My (strained) analogy between our Fortran code and DNA suggests that one might think of a creator as an author that learned as it went along. At first, it created cells, at that was good. However, it then thought that the cell should have little hairs help secrete important chemicals, and that seemed better. Then, the creator realized the hairs could be used for propulsion, and flagella appeared. This went on, with experiments in multi-celled life, spinal cords, central nervous systems, and so on. Eventually, we ended up with humans, who are spectacularly good at figuring things out, manipulating their environments, and populating the planet. However, humans are far too often are dogged with detached retinas, mental illness, back pain, and really difficult childbirth. The planet also ended up with a myriad evolutionary dead ends, vestigial appendages, and huge blocks of code that weren’t being used (and haven’t been documented).

If only the creator had taken a good software architecture course in college.

I realize that my analogy is still bad. Theologians probably won’t be happy with the fact that my hypothetical creator is constrained to act — and learn — in time. Time, as we understand it, is connected to space in our theory of gravity, and is therefore a property of this Universe. Can a creator even be contained within its creation? This seems like a paradox to my mind, which is untrained in metaphysics. In any case, I don’t believe that evolution requires a creator to intervene at each step; chance mutations and natural selection seem to be effective on their own. I do think, however, the logic behind using intelligent design to describe biology is equally bad as my initial analogy above. . .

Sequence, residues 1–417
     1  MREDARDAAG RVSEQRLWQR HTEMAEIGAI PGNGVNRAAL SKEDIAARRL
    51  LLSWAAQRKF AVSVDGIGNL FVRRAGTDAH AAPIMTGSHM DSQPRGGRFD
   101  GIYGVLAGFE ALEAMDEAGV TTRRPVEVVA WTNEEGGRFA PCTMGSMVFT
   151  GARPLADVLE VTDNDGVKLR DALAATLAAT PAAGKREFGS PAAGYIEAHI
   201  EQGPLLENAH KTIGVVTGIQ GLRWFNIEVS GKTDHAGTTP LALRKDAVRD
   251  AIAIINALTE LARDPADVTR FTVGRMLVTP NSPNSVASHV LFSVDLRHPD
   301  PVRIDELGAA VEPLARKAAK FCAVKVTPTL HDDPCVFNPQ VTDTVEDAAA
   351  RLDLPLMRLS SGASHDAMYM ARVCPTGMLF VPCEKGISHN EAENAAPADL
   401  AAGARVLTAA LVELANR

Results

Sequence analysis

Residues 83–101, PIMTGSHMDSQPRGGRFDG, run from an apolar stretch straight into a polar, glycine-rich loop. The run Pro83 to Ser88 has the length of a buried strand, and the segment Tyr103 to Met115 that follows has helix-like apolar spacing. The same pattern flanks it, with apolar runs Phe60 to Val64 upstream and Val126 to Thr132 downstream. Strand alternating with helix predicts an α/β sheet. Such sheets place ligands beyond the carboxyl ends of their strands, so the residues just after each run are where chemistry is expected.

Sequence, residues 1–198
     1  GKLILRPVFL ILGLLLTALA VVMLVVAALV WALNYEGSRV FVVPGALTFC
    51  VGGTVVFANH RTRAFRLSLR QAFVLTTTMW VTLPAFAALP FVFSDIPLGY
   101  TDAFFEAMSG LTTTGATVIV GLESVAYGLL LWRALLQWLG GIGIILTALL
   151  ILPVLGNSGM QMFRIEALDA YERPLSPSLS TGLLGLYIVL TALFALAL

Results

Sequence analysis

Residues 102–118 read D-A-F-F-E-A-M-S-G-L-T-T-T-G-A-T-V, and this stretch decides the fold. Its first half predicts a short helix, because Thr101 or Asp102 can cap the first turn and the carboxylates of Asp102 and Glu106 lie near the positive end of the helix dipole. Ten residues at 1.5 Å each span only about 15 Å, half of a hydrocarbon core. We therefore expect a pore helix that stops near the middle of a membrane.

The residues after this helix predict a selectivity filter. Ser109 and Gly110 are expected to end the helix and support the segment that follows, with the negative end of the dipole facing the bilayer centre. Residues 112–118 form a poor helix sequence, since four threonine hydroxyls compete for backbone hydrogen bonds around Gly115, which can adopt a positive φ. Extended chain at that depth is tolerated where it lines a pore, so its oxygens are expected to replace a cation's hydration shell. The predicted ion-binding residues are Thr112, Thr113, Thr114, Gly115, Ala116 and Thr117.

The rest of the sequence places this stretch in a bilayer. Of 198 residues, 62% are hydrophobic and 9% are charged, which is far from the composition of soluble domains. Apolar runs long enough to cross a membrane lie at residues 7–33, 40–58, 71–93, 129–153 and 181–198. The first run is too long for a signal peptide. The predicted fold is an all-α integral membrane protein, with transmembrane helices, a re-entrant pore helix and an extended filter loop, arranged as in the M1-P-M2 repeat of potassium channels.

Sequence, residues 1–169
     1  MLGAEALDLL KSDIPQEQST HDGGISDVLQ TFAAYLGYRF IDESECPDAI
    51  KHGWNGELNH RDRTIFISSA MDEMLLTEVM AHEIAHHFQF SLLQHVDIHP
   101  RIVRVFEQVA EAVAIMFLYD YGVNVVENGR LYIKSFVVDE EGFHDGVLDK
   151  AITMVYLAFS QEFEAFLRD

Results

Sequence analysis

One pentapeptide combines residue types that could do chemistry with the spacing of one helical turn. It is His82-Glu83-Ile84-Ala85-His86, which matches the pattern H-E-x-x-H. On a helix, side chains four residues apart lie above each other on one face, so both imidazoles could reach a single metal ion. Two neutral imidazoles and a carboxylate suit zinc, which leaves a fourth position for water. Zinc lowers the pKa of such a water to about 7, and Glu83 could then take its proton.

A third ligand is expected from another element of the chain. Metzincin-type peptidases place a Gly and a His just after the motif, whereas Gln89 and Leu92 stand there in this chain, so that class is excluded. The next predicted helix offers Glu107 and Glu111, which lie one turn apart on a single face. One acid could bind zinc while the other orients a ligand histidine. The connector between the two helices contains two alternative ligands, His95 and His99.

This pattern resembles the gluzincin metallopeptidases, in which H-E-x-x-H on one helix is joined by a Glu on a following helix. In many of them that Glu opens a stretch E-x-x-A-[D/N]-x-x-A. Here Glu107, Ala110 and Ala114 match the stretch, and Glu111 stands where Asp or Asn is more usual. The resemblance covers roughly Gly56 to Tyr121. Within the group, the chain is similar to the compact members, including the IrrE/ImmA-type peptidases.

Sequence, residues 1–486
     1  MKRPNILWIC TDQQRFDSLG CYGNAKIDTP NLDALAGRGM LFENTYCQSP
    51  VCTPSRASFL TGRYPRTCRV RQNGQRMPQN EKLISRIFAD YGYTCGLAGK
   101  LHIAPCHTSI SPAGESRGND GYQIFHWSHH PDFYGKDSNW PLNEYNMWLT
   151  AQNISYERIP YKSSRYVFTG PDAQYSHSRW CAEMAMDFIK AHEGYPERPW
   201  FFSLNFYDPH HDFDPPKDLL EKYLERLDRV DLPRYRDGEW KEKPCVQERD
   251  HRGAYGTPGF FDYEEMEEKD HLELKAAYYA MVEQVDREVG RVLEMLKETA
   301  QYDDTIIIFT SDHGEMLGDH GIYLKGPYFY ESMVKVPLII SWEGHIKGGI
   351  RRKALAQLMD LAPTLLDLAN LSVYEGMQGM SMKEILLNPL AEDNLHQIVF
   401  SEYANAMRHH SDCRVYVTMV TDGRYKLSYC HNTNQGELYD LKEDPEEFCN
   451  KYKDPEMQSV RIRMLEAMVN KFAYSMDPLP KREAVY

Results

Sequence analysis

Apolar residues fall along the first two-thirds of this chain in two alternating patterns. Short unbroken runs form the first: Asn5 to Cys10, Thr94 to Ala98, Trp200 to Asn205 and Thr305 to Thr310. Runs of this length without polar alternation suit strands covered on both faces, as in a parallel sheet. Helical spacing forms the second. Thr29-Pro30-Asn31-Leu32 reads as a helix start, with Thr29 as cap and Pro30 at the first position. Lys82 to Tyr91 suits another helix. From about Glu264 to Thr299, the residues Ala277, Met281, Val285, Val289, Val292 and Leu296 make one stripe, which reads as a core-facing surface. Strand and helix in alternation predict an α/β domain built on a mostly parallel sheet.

Good design would have produce a code that was modular, that had related information organized into structures, and that output a well-documented data stream (rather than 50 random plots). Fortunately, I get another shot at our group’s code, and I hope to instill a more intelligent design.

  1. Hi,

    I just finished reading an ‘article’ you wrote- dated 2003- about your journey through the Local Church. I was introduced to this group just over 6 months ago and enjoyed my first 3 times with them over 3 months in a seminar on the study of the book of Romans. However, spending a week on a pre-training camp with them one month ago in London made it clear that many things were very wrong and I knew that I couldn’t look forward any further to anything meaningful developing between me and them. Though I did meet some beautiful, zealous young people who made my stay worthwhile. From this experience though I’ve questioned the likelihood of anyone in the Local Church really coming to know God personally, outside of the Local Churches practices and exercises.